Reading in Bed by Digby Beaumont

My wife died propped up in bed reading a book. That's how I found her. An hour before she'd blown me a kiss and left me lying on the sofa, watching the late-night TV news.

"See you soon," she'd said.

I called out her name. I squeezed her shoulder. Two of her fingers were still resting inside the book, keeping her place, as if she'd be back any second and say, "Now, where was I?"

I didn't know what to do. I lay down next to her. I closed my eyes, and a picture came into my mind of a time when she didn't read alone in bed at night wearing brushed cotton pyjamas, of a time when we would leap into bed, naked and hungry for each other, then wake in the morning with our arms and legs still entwined.

I slipped the book from her hands. I could have sworn her grip tightened. "Hey, you, not so fast. I'm reading that." I bookmarked her place for her. It seemed like the only thing I could do.

For weeks afterwards I wondered if she'd called out my name that night, and if l could have saved her. Should I have said, "No, don't go to bed without me. Not tonight. Stay and watch the news on TV. And whatever you do, don't touch that book. It'll be the death of you."

Sometimes I would forget for a moment. At work, I'd think of something I couldn't wait to tell her. Or I'd catch myself arriving home in the evening with that old bounce in my step, as if l expected to find her sprawled in her favourite chair, eyes closed, Bach or Keith Jarrett on the stereo.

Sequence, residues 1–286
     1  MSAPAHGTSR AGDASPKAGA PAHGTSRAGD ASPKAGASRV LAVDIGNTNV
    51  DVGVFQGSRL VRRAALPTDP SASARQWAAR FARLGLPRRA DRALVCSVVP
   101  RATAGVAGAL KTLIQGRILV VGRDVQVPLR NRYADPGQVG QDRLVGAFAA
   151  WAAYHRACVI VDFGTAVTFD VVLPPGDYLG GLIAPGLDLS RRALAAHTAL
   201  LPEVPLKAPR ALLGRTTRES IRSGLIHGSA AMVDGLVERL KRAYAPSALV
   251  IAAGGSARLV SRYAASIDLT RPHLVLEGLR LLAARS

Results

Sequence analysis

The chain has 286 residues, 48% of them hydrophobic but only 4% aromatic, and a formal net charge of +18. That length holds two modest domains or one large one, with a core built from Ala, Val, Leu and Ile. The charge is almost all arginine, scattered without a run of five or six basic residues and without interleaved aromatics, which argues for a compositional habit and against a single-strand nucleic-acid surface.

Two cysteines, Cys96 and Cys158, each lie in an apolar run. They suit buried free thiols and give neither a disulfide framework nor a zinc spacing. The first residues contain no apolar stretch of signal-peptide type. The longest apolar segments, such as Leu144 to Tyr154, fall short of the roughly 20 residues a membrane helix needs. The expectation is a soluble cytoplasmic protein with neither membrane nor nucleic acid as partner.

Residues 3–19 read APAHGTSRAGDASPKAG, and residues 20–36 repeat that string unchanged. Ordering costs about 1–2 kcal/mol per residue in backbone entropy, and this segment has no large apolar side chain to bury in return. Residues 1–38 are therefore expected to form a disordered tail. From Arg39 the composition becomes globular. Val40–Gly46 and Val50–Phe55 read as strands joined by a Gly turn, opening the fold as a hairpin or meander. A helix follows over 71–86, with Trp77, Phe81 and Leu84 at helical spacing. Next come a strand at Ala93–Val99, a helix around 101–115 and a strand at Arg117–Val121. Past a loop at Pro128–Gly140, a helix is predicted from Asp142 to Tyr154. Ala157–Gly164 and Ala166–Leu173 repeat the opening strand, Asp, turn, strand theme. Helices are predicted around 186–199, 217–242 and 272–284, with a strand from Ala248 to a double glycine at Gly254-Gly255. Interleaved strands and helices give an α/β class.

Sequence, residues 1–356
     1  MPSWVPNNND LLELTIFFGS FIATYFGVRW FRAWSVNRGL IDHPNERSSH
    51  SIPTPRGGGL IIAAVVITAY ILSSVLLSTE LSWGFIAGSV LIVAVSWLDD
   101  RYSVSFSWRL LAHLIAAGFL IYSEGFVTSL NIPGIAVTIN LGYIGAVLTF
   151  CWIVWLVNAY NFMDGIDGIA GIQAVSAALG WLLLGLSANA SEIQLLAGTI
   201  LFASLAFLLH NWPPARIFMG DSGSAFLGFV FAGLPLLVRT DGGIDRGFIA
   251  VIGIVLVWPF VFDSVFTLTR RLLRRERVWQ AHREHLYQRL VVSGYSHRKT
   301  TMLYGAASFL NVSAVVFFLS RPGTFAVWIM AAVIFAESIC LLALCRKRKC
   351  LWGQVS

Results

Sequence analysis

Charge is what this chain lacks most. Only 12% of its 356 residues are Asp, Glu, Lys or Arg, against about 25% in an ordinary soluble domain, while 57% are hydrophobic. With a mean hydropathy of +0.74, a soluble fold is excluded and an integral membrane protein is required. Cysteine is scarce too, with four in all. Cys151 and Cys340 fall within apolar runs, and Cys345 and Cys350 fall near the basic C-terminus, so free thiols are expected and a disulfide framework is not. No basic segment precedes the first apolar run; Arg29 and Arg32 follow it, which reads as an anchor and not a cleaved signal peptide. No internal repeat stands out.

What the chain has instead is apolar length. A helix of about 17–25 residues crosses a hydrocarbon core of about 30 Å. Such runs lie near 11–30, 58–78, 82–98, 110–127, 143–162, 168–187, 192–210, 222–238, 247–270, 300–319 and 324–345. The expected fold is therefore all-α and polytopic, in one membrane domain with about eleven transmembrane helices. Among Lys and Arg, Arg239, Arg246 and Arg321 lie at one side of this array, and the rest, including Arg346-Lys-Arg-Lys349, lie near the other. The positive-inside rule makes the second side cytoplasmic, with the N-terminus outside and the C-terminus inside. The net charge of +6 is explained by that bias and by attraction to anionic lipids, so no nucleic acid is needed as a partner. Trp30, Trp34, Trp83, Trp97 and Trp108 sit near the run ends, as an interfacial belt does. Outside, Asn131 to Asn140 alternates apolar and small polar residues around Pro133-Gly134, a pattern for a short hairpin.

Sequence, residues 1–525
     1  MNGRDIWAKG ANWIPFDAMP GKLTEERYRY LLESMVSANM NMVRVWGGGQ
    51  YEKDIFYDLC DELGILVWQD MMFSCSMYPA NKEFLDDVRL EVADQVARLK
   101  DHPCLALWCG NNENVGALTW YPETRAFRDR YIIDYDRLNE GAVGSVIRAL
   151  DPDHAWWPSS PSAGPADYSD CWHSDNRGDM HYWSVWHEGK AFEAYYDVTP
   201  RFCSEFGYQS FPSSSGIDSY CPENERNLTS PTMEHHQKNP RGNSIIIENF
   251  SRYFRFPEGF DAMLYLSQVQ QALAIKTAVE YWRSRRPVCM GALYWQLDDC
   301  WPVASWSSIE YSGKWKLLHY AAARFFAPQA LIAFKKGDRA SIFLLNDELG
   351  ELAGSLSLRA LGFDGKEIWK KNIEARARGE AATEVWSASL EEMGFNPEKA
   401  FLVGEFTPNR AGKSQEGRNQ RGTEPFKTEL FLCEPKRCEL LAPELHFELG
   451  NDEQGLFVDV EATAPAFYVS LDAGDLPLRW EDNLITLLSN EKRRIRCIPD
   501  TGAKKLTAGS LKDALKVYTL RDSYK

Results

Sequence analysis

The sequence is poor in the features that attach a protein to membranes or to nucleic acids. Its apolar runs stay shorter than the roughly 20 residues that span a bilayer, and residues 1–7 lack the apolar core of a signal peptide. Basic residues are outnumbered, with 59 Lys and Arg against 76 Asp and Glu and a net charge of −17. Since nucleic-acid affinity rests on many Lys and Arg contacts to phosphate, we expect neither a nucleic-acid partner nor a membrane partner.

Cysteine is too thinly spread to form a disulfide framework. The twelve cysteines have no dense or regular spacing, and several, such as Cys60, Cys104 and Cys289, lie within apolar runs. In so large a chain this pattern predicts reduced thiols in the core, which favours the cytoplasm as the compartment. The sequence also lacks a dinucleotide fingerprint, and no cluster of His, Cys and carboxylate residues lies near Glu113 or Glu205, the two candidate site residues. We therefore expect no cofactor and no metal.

But mostly I would remember.

Then one night, unable to sleep, I thought about the book again. I got out of bed and took it down from the shelf, where I'd left it. "Two couples on a Greek-island holiday discover it isn't too late to save the rest of their lives," said the back-cover blurb. I opened it at the bookmark and pressed my nose inside. But I could find nothing of her there.

It was her heart, they'd told me. So, what had triggered it? Was it something she'd read? I examined those bookmarked pages, forensically, like a detective at a murder scene. What was the last sentence she read? The final word? "Evidence inconclusive," I had to tell myself in the end.

"She never knew how the story ends."

I said it out loud, repeating it until the breath caught in my throat.

Later, I would wipe my eyes. I'd get back into bed, tum to the beginning and start to read. Not long after, I'd sense someone's breath warm against my cheek. I'd tum. And there we would be-the two of us.


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